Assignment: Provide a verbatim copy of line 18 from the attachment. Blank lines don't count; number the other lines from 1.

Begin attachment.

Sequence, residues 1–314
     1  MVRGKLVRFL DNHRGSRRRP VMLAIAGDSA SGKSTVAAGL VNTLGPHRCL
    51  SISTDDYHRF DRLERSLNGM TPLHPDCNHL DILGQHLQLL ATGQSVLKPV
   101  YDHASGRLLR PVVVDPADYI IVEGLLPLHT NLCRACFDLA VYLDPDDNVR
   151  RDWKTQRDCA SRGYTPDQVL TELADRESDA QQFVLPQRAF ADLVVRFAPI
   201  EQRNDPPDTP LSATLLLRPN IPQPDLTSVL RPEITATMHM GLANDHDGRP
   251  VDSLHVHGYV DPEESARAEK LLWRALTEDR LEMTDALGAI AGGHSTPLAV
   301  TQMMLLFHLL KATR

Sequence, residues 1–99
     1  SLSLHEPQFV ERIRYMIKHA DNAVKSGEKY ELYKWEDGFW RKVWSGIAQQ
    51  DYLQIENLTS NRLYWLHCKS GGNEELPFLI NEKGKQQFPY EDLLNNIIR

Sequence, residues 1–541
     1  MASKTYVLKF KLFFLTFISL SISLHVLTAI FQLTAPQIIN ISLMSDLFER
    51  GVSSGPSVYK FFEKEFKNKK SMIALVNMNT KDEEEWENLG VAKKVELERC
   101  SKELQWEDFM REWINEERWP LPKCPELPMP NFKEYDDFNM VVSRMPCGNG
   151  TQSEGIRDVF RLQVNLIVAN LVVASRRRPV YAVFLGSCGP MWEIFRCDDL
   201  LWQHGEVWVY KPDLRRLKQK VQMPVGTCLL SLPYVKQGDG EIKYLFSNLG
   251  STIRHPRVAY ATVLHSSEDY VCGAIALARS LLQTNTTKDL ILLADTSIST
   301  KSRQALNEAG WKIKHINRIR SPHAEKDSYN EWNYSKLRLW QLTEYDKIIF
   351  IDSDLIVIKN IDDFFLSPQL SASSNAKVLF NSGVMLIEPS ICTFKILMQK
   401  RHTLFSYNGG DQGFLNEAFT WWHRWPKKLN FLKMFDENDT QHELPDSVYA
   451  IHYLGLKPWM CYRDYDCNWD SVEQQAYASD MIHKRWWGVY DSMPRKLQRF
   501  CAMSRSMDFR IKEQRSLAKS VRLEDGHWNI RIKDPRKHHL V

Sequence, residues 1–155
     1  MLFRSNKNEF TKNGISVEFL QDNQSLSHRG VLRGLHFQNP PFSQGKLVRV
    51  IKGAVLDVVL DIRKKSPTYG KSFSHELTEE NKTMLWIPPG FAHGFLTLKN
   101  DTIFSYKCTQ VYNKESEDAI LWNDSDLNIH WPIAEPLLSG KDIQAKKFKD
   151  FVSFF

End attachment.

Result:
   251  STIRHPRVAY ATVLHSSEDY VCGAIALARS LLQTNTTKDL ILLADTSIST